Avoiding Trench Foot with Base Boots

Avoiding Trench Foot with Base Boots

Building sites are more often than not soggy underfoot, but how can builders ensure that their footwear doesn’t let in water? John Dabb, Sales and Marketing Director at Hyde, distributor safety boot brand Base, looks at some remedies.

When it comes to suitable footwear for site work, much emphasis is placed on the need for safety boots with protective toe caps to ensure your feet end the day in the same state as they started.

While this is of course an unarguably important safety measure for builders, working in conditions that are wet underfoot presents just as much of a risk to health and safety as dropping heavy objects on to our feet.

By their very nature building sites are wet and boggy places, becoming even more so during the winter months. With the UK not renowned for its ‘dry season’, British builders are regularly exposed to damp and often water-logged conditions.

Regular safety boots may adhere to the site’s health and safety regulations, but they do little to prevent your feet getting soaked. Add to this cold and icy conditions and the water within the boot often freezes, making feet incredibly uncomfortable, incredibly quickly.

Water-logged or water-tight?

The problem goes beyond having to put up with working in soggy socks though; being exposed to such conditions can actually have quite serious consequences on the state of your feet. It doesn’t take prolonged exposure to wet footwear for this to be the case either.

In a very short space of time, foot immersion can cause problems, with one of the most common, and troublesome of complaints being trench foot (and that’s not a term you hear often these days!).

One of the most treated issues at the Glastonbury Festival during its muddiest years, foot immersion is a problem among builders too, and if not treated effectively can have potentially serious consequences.

Life in the trenches

Caused by exposure to damp, cold conditions, the condition is essentially the blood vessels constricting in an attempt to keep warm, by reducing blood flow to the extremities.

This reduces the amount of oxygen and nutrients to the feet, which can result in tissue and nerve damage. The foot become numbs, changes colour, swells and starts to smell due to damage to the skin, blood vessels and nerves in the feet.

Left untreated, tissue and nerve damage occur, swelling increases and a constant pins and needles sensation begins. In extreme cases, blisters and ulcers develop, skin starts to peel off and tissues begin to die, resulting in gangrene.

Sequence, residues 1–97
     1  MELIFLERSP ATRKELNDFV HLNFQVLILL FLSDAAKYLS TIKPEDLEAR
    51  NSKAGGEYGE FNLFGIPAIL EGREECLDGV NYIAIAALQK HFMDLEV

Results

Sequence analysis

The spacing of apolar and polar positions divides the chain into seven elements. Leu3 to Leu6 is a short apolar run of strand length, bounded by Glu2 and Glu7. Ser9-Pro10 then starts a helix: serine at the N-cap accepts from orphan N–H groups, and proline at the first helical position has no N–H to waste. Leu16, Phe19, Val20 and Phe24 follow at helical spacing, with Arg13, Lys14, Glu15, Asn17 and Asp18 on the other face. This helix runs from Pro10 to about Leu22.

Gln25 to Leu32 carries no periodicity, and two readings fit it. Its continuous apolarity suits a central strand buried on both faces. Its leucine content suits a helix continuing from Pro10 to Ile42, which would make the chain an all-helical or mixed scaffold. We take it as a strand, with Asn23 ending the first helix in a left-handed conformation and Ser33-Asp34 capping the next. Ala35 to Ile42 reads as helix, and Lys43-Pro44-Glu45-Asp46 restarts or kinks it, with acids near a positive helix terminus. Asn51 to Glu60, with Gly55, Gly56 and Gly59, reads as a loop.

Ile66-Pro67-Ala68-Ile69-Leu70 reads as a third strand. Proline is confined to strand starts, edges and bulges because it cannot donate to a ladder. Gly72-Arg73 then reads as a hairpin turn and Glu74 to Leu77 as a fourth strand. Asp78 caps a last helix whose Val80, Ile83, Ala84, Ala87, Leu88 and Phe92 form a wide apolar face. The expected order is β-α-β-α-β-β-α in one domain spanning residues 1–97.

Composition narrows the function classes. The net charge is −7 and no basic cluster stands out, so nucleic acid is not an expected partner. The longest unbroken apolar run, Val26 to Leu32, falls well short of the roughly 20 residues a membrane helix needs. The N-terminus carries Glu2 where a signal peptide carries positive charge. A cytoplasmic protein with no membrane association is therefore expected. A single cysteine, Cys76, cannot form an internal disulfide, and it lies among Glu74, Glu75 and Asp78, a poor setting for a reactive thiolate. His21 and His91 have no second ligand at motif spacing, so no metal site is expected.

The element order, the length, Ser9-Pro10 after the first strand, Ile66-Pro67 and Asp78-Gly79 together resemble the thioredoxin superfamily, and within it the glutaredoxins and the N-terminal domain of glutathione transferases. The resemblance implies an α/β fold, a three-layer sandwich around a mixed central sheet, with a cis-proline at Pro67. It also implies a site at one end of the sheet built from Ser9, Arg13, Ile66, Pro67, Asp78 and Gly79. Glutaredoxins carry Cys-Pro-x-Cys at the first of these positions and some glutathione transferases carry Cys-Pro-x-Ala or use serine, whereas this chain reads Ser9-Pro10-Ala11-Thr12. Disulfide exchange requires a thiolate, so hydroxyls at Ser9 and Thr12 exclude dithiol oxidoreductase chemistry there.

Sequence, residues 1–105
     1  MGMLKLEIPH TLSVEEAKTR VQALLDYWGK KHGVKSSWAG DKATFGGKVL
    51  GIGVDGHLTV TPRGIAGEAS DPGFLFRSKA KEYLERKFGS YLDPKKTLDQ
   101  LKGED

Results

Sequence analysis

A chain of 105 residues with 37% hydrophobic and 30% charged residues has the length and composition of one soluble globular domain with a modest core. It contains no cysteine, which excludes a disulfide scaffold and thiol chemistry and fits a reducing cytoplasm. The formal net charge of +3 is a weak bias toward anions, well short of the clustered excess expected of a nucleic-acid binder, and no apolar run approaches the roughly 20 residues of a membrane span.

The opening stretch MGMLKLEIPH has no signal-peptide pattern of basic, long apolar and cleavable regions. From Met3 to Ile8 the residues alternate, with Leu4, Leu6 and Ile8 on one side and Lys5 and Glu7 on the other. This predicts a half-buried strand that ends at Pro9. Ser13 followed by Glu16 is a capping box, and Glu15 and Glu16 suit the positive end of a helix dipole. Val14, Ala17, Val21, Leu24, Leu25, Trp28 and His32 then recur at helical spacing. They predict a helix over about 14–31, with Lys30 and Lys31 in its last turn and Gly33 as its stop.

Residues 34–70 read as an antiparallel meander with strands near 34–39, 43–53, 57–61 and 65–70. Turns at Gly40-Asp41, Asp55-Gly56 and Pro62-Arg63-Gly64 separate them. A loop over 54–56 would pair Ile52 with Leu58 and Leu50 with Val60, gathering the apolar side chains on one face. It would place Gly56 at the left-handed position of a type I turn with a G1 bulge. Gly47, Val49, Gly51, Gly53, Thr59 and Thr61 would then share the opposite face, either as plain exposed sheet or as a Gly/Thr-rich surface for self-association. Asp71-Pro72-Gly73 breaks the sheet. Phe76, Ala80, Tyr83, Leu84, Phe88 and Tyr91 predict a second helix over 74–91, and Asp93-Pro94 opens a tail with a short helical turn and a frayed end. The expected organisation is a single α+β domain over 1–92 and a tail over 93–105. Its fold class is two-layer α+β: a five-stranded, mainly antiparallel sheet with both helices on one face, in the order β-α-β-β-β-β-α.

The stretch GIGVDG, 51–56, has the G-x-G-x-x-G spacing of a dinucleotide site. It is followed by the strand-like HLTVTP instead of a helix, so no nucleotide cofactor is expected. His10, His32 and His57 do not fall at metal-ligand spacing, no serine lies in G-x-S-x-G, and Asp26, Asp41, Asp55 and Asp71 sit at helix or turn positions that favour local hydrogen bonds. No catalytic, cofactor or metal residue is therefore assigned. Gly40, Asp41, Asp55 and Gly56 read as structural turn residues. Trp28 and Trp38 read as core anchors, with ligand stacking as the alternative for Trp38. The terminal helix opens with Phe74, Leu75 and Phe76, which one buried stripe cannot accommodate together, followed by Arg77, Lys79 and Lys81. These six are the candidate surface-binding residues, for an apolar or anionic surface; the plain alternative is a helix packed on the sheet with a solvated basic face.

Best foot forward

Unlike with frostbite, Trench Foot doesn’t require freezing temperatures, in fact it can develop in temperatures up to 16°C. Any wet environment, be it from excessive sweating to wearing damp socks and shoes can cause the condition.

Worryingly, it can take less than a day of exposure to poor conditions for Trench Foot, also known as Immersion Foot, to develop and it can take up to six months to fully recover.

The best way to avoid such a painful and potentially career limiting condition, is for builders to choose suitable footwear that puts safety first while also ensuring feet are dry and comfortable, regardless of how wet and cold conditions may become underfoot. BASE Be-Dry safety shoes, for example, feature advanced technology that keeps feet as dry as a bone, without compromising on safety or comfort.

A waterproof and light-weight breathable barrier keeps feet dry, cool and comfortable in all weathers. Fitted with a slim metal-free toe cap, composite midsole and microfiber thermal insulation, the boot’s double-density sole maximises comfort in all terrains too.

Providing stability underfoot when working on construction sites where there is a constant presence of water, the slip-resistant sole is thin, flexible and ultra-light, with a superior shock absorption that makes light work of rough and uneven surfaces.

Such solutions ensure that no matter how wet the conditions, builders can always put their best foot forward and make conditions such as trench foot a thing of the past.

For more information click here.

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